First X-ray beam at the PETRA III light source (July 2009)


This weekend, scientists from the Helmholtz research centre DESY generated the first X-ray light for research at the new synchrotron radiation source PETRA III. This means that the most brilliant storage ring X-ray source in the world is now available for experiment operation. The 2.3-kilometre electron storage ring went through a two-year 225-million Euro upgrade which converted it into a brilliant X-ray light source. Following the upcoming test runs of the individual measuring devices, PETRA III will start regular user operation in 2010. A first test run with synchrotron radiation is planned this summer.

Professor Helmut Dosch, Chair of the DESY Board of Directors, says: „With the first light from PETRA III we reach an important milestone on our path to meet the high demand of science for highly brilliant synchrotron sources.“

As the most powerful lightsource of its kind, PETRA III will offer excellent research possibilities, in particular to researchers who investigate ever smaller samples with ever finer details, or those who require tightly focused and very short-wavelength X-rays for their experiments. After the first storing of particles at PETRA III in April this year, the undulators – special magnets producing synchrotron radiation – were positioned close to the particle beam, forcing the accelerated particles onto a zigzag course to make them emit synchrotron radiation.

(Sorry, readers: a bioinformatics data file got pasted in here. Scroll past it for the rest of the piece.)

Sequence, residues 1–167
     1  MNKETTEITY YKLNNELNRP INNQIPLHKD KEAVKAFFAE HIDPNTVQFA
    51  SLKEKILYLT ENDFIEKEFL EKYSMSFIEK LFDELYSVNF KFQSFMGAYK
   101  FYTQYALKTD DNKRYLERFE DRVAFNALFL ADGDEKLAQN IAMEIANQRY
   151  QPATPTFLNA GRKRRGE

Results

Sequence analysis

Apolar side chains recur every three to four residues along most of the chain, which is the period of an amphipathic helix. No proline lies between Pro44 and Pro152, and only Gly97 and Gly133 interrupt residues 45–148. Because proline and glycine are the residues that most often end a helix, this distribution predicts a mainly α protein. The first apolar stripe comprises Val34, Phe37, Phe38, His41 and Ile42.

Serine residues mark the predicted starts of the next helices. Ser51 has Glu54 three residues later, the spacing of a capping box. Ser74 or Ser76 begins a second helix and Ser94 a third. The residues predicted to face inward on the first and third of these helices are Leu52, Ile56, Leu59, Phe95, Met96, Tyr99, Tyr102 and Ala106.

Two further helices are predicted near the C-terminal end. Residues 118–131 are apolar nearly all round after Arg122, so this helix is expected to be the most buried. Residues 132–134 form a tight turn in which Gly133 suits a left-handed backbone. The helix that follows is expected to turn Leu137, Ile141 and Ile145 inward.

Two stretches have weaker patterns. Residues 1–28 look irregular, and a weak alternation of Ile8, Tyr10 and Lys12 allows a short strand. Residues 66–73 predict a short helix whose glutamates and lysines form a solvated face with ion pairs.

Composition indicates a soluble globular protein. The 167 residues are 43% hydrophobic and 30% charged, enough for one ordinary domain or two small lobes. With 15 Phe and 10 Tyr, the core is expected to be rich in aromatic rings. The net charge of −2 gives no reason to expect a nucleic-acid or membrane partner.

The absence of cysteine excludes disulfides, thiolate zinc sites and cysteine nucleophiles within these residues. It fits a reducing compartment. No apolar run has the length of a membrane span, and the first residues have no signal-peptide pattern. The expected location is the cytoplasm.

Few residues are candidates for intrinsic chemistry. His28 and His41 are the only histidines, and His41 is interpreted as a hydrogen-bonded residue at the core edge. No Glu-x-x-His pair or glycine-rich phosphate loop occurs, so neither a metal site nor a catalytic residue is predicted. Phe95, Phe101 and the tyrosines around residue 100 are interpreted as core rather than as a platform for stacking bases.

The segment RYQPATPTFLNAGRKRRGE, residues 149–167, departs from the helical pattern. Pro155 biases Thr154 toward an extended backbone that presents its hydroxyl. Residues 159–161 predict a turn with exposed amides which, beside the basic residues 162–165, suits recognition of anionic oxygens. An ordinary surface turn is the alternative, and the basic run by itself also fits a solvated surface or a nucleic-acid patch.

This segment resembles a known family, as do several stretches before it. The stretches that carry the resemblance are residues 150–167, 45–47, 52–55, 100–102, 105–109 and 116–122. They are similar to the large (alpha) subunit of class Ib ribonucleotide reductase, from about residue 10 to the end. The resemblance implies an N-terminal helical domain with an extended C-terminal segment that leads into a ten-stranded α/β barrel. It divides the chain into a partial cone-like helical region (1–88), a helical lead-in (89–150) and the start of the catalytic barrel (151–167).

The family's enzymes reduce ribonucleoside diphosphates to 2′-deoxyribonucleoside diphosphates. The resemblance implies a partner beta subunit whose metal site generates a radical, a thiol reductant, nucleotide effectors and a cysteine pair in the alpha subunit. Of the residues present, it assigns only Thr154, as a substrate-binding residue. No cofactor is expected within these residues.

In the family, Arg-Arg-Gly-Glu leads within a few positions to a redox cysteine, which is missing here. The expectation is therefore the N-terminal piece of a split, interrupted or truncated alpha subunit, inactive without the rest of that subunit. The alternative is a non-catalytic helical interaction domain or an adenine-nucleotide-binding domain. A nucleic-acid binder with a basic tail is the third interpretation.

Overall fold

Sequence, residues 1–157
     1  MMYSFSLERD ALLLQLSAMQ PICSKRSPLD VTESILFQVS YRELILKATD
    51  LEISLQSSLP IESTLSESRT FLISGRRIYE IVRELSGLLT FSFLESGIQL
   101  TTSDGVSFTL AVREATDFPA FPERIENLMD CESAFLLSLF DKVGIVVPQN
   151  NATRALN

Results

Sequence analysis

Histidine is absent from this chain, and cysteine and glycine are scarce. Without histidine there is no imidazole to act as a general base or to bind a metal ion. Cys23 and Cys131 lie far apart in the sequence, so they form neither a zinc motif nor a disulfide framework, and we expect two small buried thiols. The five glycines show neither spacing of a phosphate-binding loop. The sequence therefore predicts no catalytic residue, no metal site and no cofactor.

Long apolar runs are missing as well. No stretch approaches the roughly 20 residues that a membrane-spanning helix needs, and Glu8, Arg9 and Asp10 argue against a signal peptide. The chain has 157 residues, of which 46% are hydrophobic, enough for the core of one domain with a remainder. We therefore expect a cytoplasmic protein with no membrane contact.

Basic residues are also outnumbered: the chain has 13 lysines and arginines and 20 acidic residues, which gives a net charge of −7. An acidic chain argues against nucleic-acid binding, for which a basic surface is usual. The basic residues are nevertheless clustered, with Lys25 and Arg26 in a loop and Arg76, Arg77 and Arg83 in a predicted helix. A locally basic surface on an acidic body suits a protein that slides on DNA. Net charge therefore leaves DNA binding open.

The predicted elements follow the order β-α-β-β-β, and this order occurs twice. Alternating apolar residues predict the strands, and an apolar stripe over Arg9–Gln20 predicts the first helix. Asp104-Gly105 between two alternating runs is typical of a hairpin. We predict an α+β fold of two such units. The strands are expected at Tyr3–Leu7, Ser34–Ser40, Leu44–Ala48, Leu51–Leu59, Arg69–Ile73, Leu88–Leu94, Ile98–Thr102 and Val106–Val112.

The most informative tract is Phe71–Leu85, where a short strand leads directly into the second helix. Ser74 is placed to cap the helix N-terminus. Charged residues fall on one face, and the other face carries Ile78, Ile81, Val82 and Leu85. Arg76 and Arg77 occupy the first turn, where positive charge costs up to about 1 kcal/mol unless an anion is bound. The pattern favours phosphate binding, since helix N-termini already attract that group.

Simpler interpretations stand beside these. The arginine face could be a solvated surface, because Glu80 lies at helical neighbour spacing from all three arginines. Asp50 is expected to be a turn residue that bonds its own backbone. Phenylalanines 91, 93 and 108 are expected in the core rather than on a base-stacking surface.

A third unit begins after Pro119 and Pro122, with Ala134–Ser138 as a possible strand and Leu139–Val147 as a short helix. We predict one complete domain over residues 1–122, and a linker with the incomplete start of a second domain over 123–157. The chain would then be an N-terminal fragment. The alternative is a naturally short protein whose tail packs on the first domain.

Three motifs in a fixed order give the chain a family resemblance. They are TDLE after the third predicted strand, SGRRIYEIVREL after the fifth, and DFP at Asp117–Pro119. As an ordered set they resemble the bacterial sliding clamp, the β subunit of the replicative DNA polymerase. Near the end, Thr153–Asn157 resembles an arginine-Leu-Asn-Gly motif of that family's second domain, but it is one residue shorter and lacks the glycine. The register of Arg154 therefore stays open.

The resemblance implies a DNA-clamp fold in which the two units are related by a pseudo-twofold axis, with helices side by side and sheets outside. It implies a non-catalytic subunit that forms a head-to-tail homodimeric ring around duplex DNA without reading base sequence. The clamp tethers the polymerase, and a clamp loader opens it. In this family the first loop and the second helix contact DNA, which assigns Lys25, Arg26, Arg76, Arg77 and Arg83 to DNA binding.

The PETRA accelerator was originally built for particle physics. More recently, PETRA was used as a preaccelerator for DESY’s successful particle accelerator HERA. In less than two years PETRA was completely refurbished and modernised. The remodelling into the most modern storage ring X-ray source in the world was largely funded by the Federal Ministry of Education and Research (BMBF), the City of Hamburg and the Helmholtz Association. A 300-metre-long experimental hall was built over the PETRA storage ring, housing 14 synchrotron beamlines and up to 30 experimental stations.

To ensure that the investigated objects are not affected by vibration during „exposure“, the experiments will be installed on the largest monolithic concrete slab in the world. With the use of state-of-the-art optics, scientists at DESY will have access to much clearer insights into natural and industrially produced nanostructures.

DESY is one of the world's leading centres for the investigation of the structure of matter. DESY develops, runs and uses accelerators and detectors for photon science and particle physics. DESY is a national research centre supported by public funds and member of the Helmholtz Association.

(from: DESY press release)